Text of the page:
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Cloning Concept

L Goundalkar
Ranch Hand

Joined: Jul 05, 2001
Posts: 395
Hi all..
Can anyone please explain me the cloning of objects in java.
When i clone a object i get the same reference of the cloned object, by using clone() method.
I can also do it by simply using following line..
ob2 = ob1; // where ob2 and ob1 are of same type.
So whats the difference between the two.
Thanks.

------------------
L Goundalkar
lggoundalkar@hotmail.com
Sun Certified Programmer for Java 2 Platform


SCJP, SCWCD
Wilfried LAURENT
Ranch Hand

Joined: Jul 13, 2001
Posts: 269
You may find hints in this
thread.

W.
Cindy Glass
"The Hood"
Sheriff

Joined: Sep 29, 2000
Posts: 8521
A shallow clone creates another instance whose fields point to the same objects as the original

A deep clone not only makes a copy of the object, but copies of all of the objects that it's fields are pointing to.



You need to be familiar with which methods of the APIs that you are using do which type of cloning. Sun was very good about insuring that this was well documented.

"JavaRanch, where the deer and the Certified play" - David O'Meara
Ken Huskerson
Greenhorn

Joined: May 16, 2004
Posts: 4
This thread has been very helpful. I was wondering if someone could venture a real world example of when you would need to use clone() outside of UI elements (buttons, etc.).

Thank you,

kh
Peter Chase
Ranch Hand

Joined: Oct 30, 2001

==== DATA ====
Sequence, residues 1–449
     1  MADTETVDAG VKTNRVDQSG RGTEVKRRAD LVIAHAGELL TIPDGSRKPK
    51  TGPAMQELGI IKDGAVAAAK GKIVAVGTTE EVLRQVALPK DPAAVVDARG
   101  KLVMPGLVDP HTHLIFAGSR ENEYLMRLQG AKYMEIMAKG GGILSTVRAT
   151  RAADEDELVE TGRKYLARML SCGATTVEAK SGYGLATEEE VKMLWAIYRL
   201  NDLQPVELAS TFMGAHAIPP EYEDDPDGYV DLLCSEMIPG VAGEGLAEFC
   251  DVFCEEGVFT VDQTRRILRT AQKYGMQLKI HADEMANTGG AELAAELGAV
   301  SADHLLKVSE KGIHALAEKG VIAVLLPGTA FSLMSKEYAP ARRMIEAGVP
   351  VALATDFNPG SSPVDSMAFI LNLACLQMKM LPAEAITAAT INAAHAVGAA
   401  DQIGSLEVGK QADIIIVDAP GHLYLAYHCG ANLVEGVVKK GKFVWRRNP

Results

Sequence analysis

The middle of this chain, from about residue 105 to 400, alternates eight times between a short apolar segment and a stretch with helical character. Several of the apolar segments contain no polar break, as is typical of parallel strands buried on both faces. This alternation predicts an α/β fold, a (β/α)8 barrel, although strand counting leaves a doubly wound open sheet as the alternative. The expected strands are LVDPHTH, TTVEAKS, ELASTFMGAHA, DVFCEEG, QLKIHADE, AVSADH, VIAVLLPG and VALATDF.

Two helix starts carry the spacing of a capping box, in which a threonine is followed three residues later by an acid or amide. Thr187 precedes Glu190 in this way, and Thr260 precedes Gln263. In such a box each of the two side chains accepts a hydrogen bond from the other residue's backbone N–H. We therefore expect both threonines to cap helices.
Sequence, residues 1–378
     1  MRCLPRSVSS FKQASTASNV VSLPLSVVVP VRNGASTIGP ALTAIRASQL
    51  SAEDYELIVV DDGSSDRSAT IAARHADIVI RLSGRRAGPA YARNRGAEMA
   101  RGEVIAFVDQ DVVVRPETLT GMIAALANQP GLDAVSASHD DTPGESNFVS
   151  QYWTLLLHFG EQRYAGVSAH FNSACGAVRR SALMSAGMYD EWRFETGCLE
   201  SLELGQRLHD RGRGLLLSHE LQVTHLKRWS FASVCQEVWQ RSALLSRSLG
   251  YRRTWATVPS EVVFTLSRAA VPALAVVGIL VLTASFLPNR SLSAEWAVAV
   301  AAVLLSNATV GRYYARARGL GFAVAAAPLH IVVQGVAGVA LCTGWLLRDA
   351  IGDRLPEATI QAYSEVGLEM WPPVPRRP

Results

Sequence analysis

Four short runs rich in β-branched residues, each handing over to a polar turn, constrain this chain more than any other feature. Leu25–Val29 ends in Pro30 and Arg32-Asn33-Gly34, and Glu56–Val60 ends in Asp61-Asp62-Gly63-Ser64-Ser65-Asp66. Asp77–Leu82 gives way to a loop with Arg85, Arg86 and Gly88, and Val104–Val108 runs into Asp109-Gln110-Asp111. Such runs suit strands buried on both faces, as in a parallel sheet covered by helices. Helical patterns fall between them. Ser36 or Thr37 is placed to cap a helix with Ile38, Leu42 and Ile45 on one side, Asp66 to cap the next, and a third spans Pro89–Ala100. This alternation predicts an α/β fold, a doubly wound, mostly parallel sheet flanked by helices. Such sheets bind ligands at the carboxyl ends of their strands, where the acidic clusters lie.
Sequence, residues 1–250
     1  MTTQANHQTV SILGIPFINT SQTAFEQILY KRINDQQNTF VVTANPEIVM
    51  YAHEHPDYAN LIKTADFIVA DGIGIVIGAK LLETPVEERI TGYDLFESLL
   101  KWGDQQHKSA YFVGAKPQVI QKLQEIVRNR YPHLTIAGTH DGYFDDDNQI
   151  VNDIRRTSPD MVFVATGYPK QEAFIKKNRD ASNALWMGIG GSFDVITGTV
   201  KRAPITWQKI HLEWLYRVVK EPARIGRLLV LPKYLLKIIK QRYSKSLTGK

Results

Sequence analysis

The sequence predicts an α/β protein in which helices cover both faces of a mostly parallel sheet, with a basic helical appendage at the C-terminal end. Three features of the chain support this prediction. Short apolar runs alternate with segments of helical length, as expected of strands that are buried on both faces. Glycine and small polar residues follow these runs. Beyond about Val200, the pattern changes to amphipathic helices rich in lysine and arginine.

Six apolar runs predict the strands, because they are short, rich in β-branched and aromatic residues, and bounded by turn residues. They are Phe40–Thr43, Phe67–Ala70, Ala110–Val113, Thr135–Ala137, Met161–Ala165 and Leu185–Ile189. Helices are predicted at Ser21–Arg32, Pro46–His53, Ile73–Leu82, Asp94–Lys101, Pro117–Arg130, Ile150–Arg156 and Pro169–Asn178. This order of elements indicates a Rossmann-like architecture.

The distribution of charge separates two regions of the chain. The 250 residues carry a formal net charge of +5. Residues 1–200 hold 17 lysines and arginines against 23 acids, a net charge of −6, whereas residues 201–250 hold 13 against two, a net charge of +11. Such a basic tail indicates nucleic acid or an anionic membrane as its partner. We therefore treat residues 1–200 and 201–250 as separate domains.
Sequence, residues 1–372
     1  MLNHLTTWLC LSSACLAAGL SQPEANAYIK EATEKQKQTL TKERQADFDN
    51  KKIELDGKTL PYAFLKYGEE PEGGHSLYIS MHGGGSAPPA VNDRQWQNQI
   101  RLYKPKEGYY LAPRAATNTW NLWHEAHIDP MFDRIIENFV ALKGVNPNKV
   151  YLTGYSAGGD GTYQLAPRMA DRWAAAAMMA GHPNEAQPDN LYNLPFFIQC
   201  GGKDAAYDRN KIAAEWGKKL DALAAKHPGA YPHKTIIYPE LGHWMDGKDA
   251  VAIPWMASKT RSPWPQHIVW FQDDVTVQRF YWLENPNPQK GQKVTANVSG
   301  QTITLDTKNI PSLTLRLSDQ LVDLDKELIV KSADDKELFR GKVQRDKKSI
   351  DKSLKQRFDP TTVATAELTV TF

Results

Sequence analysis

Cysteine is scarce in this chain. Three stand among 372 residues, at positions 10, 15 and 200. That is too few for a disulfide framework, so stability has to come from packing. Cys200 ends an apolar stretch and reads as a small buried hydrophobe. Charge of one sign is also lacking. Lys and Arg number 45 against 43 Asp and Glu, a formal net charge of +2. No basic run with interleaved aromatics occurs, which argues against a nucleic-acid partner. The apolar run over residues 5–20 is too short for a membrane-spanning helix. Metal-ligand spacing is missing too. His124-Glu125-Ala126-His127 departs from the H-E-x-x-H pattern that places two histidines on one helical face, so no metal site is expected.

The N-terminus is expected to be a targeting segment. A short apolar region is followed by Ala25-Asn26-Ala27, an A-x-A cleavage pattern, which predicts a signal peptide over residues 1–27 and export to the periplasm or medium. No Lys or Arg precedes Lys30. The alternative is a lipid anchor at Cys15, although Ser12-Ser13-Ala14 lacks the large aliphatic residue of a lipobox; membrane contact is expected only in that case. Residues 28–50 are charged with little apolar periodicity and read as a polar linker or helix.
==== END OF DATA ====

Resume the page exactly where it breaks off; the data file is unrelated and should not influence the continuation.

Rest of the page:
Posts: 1970
Well, we use it when we have several modifications to make to a piece of state in an "atomic" fashion. That is, the modified state doesn't become visible to other classes until all the modification are complete. Further, if any modification fails, others must be "rolled-back".

Say you have an object representing the current state. That is visible to other classes. When we want to start a set of modifications, we clone that object. The other classes continue to see the original object. We do our modifications to the new clone. If all the modifications are successful, we replace the original object by the new clone, as the object visible to other classes. But if any modification fails, we discard the clone.

You have to take care about deep versus shallow copies here. The clone() method does a shallow copy by default. It may be necessary to override clone() to do a deep copy.


Betty Rubble? Well, I would go with Betty... but I'd be thinking of Wilma.
Amit Saini
Ranch Hand

Joined: Oct 20, 2004
Posts: 280
http://www.ideas2work.com/java-articles/Java-Clone-DeepClone.html

this example might be helpful in understanding shallow vs deep cloning.

Amit
 
I agree. Here's the link: http://aspose.com/file-tools
 
subject: Cloning Concept